Versus the competiton:
Saturn has always been GM’s “different” brand. You know, the one that had hard-to-dent plastic body panels and a no-haggle pricing policy. Today, that different little brand no longer has plastic body panels, but it still has one of the highest customer-satisfaction ratings when it comes to the car-buying process. It just hasn’t had many models that people wanted to buy.
That started to change last year when Saturn introduced three attractive new models: the Sky, the Outlook and the Aura, but those were in segments Saturn loyalists weren’t used to. The Vue, though, is a familiar name that has been a big seller for the brand as one of the least-expensive SUVs on the market. It’s completely changed for 2008, and this version will be the model that revolutionizes the brand, ridding it of the old, domestic-bashing stereotypes. The new Vue is stylish, it has fantastic road presence and its interior is arguably the best in the segment. Yes, this Saturn is truly different.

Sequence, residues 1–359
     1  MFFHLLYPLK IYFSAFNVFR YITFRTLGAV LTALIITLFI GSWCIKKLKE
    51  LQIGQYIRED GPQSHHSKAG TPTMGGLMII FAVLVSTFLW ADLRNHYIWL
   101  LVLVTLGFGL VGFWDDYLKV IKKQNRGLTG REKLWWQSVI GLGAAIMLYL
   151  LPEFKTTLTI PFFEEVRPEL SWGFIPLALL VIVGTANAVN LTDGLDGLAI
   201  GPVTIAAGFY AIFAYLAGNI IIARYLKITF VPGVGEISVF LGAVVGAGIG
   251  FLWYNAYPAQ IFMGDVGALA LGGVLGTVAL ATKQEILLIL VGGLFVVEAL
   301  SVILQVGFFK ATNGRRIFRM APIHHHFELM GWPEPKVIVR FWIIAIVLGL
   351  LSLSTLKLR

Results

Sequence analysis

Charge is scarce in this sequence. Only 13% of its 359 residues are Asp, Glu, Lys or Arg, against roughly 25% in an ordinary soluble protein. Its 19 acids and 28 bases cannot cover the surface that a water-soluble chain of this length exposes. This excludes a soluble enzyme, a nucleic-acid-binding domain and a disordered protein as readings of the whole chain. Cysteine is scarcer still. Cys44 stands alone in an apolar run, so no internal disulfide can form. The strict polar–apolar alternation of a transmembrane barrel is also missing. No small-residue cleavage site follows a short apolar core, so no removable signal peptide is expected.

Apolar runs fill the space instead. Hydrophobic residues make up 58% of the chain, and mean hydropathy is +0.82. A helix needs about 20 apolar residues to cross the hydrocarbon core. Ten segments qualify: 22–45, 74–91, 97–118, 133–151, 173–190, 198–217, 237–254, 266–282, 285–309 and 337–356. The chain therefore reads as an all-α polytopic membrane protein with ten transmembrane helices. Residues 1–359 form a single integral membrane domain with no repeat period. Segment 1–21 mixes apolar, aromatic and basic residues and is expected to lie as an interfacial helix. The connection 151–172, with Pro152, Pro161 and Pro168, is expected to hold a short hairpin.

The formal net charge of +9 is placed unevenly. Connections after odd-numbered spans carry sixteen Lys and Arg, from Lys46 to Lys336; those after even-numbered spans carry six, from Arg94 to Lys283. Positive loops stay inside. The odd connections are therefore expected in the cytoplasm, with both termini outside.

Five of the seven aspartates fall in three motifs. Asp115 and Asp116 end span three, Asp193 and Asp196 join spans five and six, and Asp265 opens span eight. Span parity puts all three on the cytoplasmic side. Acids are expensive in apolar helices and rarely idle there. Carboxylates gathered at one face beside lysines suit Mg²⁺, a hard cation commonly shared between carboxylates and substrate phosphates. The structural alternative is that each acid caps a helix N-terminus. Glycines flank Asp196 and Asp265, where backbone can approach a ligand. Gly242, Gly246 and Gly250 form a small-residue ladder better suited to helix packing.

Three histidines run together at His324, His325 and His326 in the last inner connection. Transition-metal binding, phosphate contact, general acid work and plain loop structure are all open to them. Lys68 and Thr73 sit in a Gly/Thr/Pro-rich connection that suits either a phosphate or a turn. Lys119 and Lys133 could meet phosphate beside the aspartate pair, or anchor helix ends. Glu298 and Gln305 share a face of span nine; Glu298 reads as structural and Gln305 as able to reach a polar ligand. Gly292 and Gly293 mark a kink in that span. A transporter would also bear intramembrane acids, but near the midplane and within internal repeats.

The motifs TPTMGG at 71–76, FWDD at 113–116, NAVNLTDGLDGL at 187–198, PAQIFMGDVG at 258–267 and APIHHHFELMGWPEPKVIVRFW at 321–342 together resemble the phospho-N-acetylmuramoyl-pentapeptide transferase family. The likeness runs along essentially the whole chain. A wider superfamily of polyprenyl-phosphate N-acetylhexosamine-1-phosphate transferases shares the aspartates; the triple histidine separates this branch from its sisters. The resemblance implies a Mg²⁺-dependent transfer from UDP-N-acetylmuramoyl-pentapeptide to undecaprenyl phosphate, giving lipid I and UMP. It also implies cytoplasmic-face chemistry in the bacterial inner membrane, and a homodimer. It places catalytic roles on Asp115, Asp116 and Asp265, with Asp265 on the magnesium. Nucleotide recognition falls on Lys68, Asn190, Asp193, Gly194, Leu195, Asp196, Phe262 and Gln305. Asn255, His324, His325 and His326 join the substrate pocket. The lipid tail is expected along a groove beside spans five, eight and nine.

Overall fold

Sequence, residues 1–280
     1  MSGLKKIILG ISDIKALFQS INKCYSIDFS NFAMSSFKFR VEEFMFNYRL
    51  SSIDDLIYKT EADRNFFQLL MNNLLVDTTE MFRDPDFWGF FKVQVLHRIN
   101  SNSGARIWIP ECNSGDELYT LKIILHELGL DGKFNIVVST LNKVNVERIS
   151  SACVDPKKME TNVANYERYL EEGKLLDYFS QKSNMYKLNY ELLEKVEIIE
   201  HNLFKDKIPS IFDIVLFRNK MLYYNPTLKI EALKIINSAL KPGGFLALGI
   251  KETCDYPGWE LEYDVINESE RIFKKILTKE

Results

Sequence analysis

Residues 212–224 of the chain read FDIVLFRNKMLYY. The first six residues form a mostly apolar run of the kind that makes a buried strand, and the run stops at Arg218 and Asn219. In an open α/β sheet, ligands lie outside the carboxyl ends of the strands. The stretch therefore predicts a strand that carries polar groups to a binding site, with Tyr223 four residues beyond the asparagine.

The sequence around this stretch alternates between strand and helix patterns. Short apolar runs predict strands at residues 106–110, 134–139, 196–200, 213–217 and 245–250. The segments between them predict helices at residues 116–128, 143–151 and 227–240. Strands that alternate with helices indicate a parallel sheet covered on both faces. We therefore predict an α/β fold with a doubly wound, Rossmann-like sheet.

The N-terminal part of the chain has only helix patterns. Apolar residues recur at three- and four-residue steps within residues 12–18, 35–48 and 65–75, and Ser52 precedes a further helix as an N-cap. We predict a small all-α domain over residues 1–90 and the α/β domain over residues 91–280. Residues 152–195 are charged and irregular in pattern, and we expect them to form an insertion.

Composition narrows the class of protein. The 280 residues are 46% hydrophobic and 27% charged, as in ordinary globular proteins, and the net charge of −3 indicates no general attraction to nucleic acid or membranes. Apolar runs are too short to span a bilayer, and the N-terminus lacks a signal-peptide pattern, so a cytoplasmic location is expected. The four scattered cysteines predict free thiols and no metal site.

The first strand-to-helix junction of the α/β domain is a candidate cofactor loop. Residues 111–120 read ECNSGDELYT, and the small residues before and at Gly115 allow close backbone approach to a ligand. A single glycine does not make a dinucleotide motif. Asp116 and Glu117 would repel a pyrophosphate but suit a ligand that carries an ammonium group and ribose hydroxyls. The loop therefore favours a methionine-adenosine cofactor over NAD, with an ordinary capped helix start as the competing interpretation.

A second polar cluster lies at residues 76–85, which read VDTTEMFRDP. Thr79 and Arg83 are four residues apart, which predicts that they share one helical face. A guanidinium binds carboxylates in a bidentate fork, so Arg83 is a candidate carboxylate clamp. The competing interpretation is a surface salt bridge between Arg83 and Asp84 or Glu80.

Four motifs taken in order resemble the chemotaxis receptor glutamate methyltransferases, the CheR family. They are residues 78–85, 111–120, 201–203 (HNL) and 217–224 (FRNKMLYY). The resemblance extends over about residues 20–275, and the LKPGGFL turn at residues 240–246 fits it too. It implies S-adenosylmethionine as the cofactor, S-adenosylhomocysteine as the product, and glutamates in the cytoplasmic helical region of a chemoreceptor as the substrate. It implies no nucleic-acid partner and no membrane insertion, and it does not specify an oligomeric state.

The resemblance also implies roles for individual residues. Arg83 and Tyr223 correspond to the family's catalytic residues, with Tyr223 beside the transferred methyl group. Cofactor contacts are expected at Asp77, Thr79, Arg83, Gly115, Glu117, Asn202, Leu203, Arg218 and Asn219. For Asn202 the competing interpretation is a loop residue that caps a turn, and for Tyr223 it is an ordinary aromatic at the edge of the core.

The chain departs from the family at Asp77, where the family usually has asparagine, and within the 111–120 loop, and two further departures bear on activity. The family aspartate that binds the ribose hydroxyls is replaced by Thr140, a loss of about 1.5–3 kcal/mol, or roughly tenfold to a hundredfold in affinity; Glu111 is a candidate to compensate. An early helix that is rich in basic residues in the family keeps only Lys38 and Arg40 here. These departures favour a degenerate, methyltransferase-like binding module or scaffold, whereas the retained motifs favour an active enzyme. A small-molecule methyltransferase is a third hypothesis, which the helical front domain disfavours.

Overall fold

You wouldn’t believe how many test cars we get here at Cars.com that are either silver or gray. Those may be the most-purchased colors, but they don’t make a car stand out, especially to jaded automotive journalists. The Deep Blue of the Saturn Vue XR I tested, however, made the stylish SUV look classier than any silver model, that’s for sure.
Regardless of the color, the Saturn Vue is one of the most aggressively styled SUVs on the road, looking neither too masculine (Dodge Nitro), too boxy (Hummer H3) nor too odd (Honda CR-V). Every marketer will tell you that car shoppers are so accustomed to cars being relatively equal as modes of transport that their styling makes a significant difference in the buying decision. The Vue’s looks should seal the deal.
The large chrome grille and teardrop-shaped headlights are probably the sportiest-looking, most masculine attributes, while the downward-sloping roof, ending in a radically angled rear hatch, exudes European design. The only angle that isn’t a sure winner is the rear, but it gets a pass because the rest of the Vue is so over-the-top.
The Saturn Vue comes in base XE and upper-level XR trims. The XR trim level you see in these images features chrome door handles, chrome-tipped dual exhaust and 17-inch alloy wheels. The XE comes with body-colored door handles and side mirrors and 16-inch alloy wheels, as well as accent-colored lower body panels.